Gazing out into the night, I find it compelling the way trees, buildings and telephone poles become un-ordinary objects in a new mysterious space. Sometimes, the horizon disappears and the boundary between Earth and sky evaporates.Sometimes, it is both night and day. "Vesper" (the evening star, especially Venus), marks the time of transition, where the spiritual feels near and ordinary objects are viewed against the infinite. I think only painting cansimultaneously give reference to this i mpermanence and shift of perspective and transience of the moment. How this process gives r ise and how this affects the recording of a personal memory is where I hope to discover a neglected peace. A peace filled with both presence and silence that is both active and passive. For me however, this requires a balancing act of effort. Because our landscapes are often filled with the evidence of "violence" inherent in man's simple presence: his fields, his machines, his roads, his conflicts, his gardens and other traces of an ordered consciousness, I feel an unease with this meditation. But I think it must not be forsaken. We must look again at places to enter into the "center of our being" (where Dag Hammarskjold reminds us), where we can "encounter a world where all things are at rest in the same way,- then a tree becomes a mystery, a cloud a revelation, (and) each man a cosmos of whose riches we can only catch glimpses". I must begin this investigation,- the "new hour" of night is at hand.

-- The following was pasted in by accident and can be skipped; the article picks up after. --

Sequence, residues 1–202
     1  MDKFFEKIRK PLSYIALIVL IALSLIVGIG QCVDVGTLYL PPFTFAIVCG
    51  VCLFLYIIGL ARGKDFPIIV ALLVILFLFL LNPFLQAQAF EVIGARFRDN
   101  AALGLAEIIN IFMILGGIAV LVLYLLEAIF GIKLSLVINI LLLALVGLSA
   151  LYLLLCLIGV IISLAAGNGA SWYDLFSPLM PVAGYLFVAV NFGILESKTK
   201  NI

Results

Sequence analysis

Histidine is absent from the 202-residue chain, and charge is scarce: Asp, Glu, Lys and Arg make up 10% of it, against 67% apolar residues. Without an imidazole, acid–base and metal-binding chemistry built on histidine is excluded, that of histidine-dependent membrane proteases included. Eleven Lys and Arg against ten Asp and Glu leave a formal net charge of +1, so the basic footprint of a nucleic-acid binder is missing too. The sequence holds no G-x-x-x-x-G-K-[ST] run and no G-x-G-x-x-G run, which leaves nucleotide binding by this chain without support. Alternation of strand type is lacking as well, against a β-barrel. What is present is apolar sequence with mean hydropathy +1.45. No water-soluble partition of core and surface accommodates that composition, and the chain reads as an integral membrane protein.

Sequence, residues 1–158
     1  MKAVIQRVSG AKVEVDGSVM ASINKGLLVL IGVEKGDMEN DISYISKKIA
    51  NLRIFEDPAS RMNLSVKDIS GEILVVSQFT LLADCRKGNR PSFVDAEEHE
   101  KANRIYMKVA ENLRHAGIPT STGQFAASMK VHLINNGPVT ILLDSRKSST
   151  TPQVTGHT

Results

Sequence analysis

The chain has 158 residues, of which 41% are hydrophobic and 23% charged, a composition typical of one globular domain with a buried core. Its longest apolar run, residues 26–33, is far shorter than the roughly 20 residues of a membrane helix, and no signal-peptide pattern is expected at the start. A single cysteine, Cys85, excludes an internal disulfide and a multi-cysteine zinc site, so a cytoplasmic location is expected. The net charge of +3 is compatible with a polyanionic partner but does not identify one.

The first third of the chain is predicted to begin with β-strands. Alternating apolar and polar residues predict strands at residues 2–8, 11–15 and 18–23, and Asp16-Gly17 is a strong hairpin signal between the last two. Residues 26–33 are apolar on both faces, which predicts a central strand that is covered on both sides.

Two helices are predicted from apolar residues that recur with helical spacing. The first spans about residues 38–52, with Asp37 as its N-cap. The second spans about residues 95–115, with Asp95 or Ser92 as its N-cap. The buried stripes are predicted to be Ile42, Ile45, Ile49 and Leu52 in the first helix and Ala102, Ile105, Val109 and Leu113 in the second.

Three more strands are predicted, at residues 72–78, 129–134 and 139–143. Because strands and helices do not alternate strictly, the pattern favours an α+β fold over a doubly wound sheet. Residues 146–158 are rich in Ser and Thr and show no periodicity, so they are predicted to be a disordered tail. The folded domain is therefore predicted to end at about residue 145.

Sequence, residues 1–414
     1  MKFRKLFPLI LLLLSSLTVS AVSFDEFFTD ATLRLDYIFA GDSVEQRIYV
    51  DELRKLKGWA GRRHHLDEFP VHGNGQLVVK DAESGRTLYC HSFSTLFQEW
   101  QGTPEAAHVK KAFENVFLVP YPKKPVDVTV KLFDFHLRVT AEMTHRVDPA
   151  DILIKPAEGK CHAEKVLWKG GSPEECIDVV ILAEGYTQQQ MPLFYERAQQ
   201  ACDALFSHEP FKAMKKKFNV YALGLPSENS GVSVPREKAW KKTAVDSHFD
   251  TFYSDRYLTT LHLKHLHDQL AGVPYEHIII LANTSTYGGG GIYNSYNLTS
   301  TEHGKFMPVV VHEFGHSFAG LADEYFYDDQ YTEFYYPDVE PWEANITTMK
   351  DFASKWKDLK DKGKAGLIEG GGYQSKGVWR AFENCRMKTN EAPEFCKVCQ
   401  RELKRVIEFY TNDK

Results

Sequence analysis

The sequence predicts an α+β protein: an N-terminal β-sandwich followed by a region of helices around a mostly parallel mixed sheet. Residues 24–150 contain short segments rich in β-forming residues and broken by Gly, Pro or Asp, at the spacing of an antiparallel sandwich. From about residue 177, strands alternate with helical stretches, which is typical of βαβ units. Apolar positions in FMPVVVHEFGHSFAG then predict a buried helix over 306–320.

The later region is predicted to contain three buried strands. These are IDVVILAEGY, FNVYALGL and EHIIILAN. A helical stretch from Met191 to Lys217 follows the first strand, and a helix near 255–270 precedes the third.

- Don Pollack